Alan Turing made a proposal in 1950 in a paper called "Computing Machinery and Intelligence". His proposal described a method that would test a computer's ability to possess intelligence by evaluating its ability to carry out human-like conversations.
The Turing Test is carried out by engaging a human judge in a conversation with two entities: a human and a machine. Turing thought that if the judge was not able to differentiate between the machine and the human being, then it would be reasonable to say that the machine possessed intelligence.
The Turing Test was inspired by a game called the “Imitation Game”, in which a person tries to differentiate between a man and a woman (placed in two separate rooms) by asking them a series of questions and reading their subsequent type-written answers.
Not everyone agrees with Turing, though. Here are some reasons stated by those who think that the Turing Test is not a valid way to measure intelligence:
Two famous arguments against the Turing Test are the Chinese Room argument and Blockhead argument.
The Chinese Room argument, by John Searle goes like this:
Let’s assume we do have a computer that behaves as if it understands the Chinese language. What the computer actually does however is process the Chinese symbols it receives as input from a human being, and compares them to a pre-existing look-up-table from which it generates a reply. If the look-up-table were large enough, it could generate accurate enough results to make the human think that the computer is able to understand and speak the Chinese language. However, in reality, the computer does not actually comprehend what the person is saying. It is merely programmed to match inputs with a pre-existing list of outputs. Therefore, although the human may be convinced that the person he is communicating with is actually another Chinese speaker, he will be mistaken.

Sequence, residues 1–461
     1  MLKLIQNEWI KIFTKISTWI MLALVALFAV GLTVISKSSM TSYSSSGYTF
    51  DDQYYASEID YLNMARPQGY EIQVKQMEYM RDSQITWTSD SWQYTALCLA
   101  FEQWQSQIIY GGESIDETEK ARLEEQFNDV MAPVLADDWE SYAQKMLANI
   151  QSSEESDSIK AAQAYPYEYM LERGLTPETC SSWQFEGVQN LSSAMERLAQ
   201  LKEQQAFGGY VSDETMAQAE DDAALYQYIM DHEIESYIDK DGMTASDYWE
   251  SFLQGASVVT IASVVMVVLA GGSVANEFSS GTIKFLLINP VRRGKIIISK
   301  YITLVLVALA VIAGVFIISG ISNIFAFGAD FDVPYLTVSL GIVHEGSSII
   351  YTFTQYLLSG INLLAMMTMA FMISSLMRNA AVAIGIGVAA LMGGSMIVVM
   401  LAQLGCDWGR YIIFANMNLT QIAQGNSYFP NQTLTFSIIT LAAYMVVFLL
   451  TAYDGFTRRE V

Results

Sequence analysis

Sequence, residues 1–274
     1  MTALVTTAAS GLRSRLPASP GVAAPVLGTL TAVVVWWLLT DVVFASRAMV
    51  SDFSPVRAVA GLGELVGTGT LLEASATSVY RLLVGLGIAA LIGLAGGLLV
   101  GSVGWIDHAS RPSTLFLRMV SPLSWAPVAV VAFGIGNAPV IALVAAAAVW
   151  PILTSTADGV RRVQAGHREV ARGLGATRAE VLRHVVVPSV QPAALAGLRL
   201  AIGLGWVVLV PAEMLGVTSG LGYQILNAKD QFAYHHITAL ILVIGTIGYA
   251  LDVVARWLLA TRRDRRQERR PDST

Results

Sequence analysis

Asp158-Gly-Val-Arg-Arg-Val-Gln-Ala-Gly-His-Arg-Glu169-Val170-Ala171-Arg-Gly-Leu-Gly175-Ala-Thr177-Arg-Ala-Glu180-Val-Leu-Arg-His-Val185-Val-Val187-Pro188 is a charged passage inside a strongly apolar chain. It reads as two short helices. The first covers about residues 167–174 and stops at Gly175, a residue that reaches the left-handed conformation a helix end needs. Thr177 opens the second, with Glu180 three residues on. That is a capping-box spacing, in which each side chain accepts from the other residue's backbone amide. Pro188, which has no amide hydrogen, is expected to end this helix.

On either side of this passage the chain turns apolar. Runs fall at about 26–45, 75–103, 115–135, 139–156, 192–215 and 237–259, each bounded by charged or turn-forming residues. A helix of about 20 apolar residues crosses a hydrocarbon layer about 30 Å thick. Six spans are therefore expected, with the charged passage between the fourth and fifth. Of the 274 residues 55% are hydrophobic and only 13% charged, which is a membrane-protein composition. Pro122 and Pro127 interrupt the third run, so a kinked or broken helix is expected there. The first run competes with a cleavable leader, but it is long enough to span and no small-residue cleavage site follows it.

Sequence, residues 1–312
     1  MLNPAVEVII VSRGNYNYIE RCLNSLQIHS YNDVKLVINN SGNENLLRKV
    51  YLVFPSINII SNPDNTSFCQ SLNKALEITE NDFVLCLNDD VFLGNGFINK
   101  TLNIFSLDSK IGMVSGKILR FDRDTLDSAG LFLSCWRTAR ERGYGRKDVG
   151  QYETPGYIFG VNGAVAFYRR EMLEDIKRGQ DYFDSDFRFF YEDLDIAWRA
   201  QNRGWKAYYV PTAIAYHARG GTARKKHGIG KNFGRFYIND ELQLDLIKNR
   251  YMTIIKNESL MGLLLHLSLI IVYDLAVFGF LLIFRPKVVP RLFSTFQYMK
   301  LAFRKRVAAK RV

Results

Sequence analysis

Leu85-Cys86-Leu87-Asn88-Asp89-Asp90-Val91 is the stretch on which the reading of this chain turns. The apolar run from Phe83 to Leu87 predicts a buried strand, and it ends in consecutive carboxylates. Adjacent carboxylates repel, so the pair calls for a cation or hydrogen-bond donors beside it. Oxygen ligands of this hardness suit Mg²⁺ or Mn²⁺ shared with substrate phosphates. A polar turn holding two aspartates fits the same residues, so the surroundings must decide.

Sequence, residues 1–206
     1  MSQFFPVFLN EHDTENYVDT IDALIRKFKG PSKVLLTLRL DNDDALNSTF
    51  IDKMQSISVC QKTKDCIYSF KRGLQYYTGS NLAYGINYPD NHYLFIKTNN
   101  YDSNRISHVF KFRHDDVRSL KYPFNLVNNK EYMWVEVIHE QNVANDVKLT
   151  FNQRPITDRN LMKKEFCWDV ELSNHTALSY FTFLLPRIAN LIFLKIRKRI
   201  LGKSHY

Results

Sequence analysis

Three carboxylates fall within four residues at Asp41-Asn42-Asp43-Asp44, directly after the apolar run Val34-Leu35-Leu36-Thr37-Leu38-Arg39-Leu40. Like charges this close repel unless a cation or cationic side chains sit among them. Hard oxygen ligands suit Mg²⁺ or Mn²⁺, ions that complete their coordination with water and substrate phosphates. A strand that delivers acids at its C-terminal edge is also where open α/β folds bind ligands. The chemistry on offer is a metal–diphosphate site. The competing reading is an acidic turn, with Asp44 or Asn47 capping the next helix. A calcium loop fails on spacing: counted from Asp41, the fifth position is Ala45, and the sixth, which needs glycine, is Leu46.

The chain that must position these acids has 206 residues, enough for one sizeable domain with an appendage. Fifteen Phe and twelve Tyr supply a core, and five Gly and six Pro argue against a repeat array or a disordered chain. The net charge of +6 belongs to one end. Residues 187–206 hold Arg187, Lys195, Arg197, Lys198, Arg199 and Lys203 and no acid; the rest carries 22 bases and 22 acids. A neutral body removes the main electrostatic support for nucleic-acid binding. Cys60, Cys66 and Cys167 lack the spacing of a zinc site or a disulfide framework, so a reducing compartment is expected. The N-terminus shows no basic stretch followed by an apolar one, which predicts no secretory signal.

There are still more people who disagree with Searle. For instance, Ray Kurzweil believes that with enough development, computers will be able to manipulate logic, or in effect, read “Chinese”. Once it is taught basic logic and how to teach itself more advanced concepts, a computer will be able to “think” things through, essentially becoming conscious.
The Blockhead argument, by philosopher Ned Block appeared in a paper entitled "Psychologism and Behaviourism". It claims that a non-intelligent system can actually be made to pass the Turing Test.
Block argues that there are only a finite set of grammatically and syntactically correct responses to any input from a human judge. Although the number of such responses is huge, it is still theoretically possible to program a computer with each of these potential responses.
Such a machine, Block argues, can converse with a human on any topic, because it already has all the possible replies pre-programmed in. Hence, the machine would be able to pass the Turing Test despite the fact that it fails to possess any actual intelligence.
As of 2006, no machine has yet been able to pass the Turing Test. While some chat bots like ELIZA and ALICE have received accolades from the AI community, they are still a long distance away from being able to converse well enough to trick human beings into thinking that they are actually talking to another human.